Now I’m not putting any blame on anyone other than myself. It isn’t his or her fault I tried to kill myself. What I am saying is if we are the brave souls we fancy ourselves to be, shouldn’t we be brave enough to risk asking these questions of our co-workers and ourselves? Shouldn’t one of the lives we try to be one of our own? I know I questioned patients hard when they seemed to be a risk to themselves, hell I put hundreds on medical holds.
I refused to ask the hard questions of brothers and sisters I suspected of being in danger. It would have been impolite to ask. As I waited to speak with Chief Dill, I tried to work the crowd on his behalf, trying to stir up some interest and get a good crowd to come listen to Chief Dill. Well wasn’t I surprised? There were two major reactions, one was to be polite, take my information, and then quickly toss it in the trash. The other one shocked me.
While relaxing outside I struck up a conversation with two Chiefs from California. I offered them our handout on the warning signs of an impending suicide. They both read it, then one looked at the other and in unison, they said the name of a firefighter and both laughed a bit.
I asked them, “So you both agree you have a guy with these warning signs?” Both answered yes without hesitation. Then I asked what they planned to do about that. They sat there tongue tied with their eyes blinking. “Well, we gotta get inside we’re teaching a class. Thanks for the information.” And with that they walked away.
Ask the hard questions and you may save a brother or sister, or maybe yourself.
This self-test is from Chief Dill’s website. Below is a self-screening for suicide ideations for firefighters. Please circle either Y= Yes or N=No. When you have completed the screening, please review your score at the end.
- Are you feeling like a burden to your family, friends, or Fire Company? Y N
- Do you feel the world would be a better place without you in it? Y N
- Have you started to isolate yourself from others in the firehouse? Y N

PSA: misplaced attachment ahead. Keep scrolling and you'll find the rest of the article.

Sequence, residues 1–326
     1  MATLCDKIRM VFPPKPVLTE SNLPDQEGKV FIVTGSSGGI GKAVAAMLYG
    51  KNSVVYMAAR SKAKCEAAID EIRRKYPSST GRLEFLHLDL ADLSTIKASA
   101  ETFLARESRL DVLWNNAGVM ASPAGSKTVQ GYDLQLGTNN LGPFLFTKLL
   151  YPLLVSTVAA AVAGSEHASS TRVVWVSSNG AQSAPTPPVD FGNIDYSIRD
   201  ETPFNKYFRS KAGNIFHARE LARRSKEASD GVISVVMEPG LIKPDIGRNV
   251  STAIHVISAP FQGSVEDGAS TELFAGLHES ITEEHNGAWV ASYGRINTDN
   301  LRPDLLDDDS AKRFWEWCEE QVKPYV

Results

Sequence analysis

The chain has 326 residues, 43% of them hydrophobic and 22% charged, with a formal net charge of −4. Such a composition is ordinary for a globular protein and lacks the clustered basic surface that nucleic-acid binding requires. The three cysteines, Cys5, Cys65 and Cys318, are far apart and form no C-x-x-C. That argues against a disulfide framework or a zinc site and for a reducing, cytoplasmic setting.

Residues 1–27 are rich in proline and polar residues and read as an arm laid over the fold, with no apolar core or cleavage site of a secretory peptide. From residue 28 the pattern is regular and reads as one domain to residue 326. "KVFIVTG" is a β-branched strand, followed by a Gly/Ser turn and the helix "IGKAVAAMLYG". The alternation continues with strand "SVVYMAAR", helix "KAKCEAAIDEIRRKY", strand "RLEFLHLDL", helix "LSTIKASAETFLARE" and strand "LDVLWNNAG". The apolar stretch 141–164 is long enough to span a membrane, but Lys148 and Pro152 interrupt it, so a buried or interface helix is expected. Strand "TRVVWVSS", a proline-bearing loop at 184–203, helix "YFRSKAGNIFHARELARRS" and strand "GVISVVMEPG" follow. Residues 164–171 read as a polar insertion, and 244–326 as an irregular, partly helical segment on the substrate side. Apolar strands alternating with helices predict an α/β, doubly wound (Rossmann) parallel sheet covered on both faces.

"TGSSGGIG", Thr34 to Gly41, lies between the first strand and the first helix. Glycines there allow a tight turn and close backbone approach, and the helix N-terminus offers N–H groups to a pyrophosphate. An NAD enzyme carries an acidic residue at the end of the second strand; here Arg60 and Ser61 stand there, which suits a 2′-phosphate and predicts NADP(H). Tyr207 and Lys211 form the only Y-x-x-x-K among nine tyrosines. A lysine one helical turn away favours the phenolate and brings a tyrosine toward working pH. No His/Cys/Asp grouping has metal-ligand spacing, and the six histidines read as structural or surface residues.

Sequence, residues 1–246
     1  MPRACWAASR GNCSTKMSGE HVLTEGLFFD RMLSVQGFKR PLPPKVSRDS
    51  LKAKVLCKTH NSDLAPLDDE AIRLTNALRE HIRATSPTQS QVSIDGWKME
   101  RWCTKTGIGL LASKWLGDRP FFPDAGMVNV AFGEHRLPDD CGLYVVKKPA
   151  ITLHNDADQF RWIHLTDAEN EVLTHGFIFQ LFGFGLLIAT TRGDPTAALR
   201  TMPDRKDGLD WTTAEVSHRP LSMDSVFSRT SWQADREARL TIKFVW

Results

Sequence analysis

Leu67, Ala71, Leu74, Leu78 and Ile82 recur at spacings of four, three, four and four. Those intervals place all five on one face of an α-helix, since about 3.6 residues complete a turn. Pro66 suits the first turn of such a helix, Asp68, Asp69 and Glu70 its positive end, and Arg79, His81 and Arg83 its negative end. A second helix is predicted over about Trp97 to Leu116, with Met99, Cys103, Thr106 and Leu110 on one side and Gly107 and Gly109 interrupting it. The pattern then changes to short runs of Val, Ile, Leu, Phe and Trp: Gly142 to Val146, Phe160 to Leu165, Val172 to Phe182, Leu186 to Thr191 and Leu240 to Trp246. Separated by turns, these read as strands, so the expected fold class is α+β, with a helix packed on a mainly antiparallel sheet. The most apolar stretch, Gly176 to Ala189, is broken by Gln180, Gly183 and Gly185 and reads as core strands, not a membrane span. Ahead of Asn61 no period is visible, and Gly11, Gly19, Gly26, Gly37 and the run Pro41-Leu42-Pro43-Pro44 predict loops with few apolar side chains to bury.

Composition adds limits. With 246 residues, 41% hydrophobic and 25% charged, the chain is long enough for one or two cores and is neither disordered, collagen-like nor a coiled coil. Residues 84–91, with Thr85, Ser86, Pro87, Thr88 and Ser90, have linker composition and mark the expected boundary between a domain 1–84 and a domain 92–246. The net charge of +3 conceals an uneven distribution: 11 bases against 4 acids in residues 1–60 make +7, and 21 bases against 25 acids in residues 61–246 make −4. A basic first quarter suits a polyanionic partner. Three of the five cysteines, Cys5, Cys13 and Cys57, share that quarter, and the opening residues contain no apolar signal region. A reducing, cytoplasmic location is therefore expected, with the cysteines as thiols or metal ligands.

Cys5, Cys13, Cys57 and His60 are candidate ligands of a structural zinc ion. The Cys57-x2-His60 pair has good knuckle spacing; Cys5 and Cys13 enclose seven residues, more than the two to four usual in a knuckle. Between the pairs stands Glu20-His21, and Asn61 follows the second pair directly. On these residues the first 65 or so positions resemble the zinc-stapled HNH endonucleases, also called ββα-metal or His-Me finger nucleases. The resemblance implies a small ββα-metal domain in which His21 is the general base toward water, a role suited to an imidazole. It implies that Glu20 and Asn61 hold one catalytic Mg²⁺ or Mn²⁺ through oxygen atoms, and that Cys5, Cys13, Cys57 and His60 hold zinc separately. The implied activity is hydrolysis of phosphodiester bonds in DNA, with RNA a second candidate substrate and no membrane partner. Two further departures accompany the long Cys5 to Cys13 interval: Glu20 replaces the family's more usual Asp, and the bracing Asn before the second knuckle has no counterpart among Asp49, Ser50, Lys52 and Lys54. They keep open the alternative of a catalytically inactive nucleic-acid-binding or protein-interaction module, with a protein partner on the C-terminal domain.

- Have you found yourself turning to alcohol or other addictive behaviors to make yourself feel better? Y N
- Have you or someone close to you notice that your sleeping patterns have changed? Y N
- Are you thinking, “What is the use” when going to the fire house or responding on calls? Y N
- Do you find yourself thinking about or performing unnecessary risks while at a fire scene or on an emergency incident? Y N
- Have you found an increased or new interest in risky activities outside the firehouse such as sky-diving, reckless motorcycle riding or purchasing guns? Y N
- Are you displaying unexplained angry emotions or been disciplined recently for anger towards other firefighters? Officers? Or the Public within the last two months? Y N
- Have you been told “you have changed” by Friends? Family? Firefighters? Y N
- Does your family have a history of suicide? Y N
- Do you have a history of feeling depressed? Y N
- Do you have feelings of hopelessness? Y N
- Do you feel like killing yourself? Y N
- Have you created plans to kill yourself? Y N
- 16. Have you recently attempted to kill yourself? Y N
Scoring: Total the amount of (Yes) circled.
If you circled question 15 or 16, then please seek help immediately from a trusted friend, chaplain, counselor, dial 911 or call the National Suicide Prevention Lifeline 1-800-273-TALK (8255) or 1-800-SUICIDE (1-800-784-2433
You can listen to Jeff’s last appearance on the Firefighter Netcast Show here: “Counseling For a Firefighter- By a Firefighter” In this program, Chief Dill tells us about a new resource coming to the aid of the fire service.